How neoliberalism transformed the Australian state

Sydney University Press
Edited by Phillip Toner, Michael Rafferty
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Four decades ago, faced with a series of economic, political and social crises, business and government leaders in Australia and many other nations were convinced by a well organised ideological insurgency of the need for what at first was presented as a series of technical changes in economic policy. However, neoliberalism quickly became a revolutionary agenda for re-ordering the social democratic state.

Captured: How neoliberalism transformed the Australian state directs attention to the central role of state power not just to remake markets, but also to remake a broad swathe of political life, social policy and citizenship.

In seeking to undermine the power of organised labour and 'unleash' market capitalism, neoliberalism promised a surge of competition, productivity and common prosperity. For the wealthy few, this has indeed been an historically unprecedented time of capital accumulation, but for most, the results have been profoundly disappointing.

Today, neoliberalism is in crisis. We are living through an age of great instability, disillusionment and despair. Inequality of income and wealth has been rising; a majority of workers have experienced long-term declining relative living standards; corporate political and market power has reached historic levels; and younger generations are increasingly giving up the expectation of attaining the living standards of their parents. The status of prevailing neoliberal ideas and policy is in increasing disarray.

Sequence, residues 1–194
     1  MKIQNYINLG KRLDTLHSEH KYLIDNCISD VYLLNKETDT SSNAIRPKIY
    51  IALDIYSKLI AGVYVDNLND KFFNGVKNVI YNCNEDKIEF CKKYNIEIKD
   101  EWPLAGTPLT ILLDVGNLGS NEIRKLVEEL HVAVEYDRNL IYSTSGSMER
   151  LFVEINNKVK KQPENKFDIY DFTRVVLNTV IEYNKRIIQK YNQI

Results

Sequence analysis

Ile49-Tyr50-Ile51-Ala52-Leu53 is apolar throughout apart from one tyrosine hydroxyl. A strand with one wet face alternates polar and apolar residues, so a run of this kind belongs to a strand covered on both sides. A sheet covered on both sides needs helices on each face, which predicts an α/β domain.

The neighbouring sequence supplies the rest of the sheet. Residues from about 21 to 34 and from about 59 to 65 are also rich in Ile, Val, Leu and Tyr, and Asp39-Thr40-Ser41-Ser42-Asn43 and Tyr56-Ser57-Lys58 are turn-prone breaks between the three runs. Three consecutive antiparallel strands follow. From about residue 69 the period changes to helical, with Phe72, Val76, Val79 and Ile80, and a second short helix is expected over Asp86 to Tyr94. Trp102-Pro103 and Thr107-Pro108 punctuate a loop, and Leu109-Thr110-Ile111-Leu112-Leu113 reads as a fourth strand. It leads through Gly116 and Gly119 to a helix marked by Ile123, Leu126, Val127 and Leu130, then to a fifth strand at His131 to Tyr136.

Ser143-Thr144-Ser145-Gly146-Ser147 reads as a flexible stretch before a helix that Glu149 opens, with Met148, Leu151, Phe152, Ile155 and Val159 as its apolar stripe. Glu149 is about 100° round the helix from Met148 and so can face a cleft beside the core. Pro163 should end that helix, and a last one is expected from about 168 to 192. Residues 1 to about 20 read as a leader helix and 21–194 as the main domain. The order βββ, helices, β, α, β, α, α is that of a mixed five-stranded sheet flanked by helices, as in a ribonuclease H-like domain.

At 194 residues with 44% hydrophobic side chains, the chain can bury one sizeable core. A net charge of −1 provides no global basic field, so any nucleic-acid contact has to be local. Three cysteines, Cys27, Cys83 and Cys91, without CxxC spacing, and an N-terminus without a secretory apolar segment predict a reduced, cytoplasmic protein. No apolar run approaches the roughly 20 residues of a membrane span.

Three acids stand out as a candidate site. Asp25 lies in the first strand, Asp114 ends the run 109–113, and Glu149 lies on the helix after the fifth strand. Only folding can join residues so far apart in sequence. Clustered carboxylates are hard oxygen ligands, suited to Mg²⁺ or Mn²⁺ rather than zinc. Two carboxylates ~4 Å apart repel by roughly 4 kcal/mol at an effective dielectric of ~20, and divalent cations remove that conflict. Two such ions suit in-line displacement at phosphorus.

But without a coherent understanding of the ideas and interests driving neoliberalism, many people have turned to incoherent populism for an explanation and salvation and, failing that, even to forms of nihilism. Disillusion and anxiety constitute the dominant mood among the economic and policy elites, within Australia and internationally.

Captured presents a series of case studies from leading public policy experts, building critical new insights into the malaise that has characterised the neoliberal era. This book tells the story of how a small group of economists and lobby groups with a universalising agenda of radical change used neoliberalism to transform the state, and of the destructive effects of those policies on everyday life. Captured includes critical accounts of neoliberal policy and speculates on the likely future of neoliberalism as a form of political power and governmentality in Australia.

Contributor Bio

Phillip Toner is a political economist and has worked in government, universities and industry focussing on industry policy, labour markets and technical innovation. He has published in leading journals and worked extensively in consulting to entities such as the OECD, ILO and European Union. He is an Honorary Senior Research Fellow in the Department of Political Economy, University of Sydney.

Michael Rafferty is a political economist with a research interest in finance and labour. He has published widely on these topics and has been a regular commentator in the media. He teaches international political economy at RMIT University.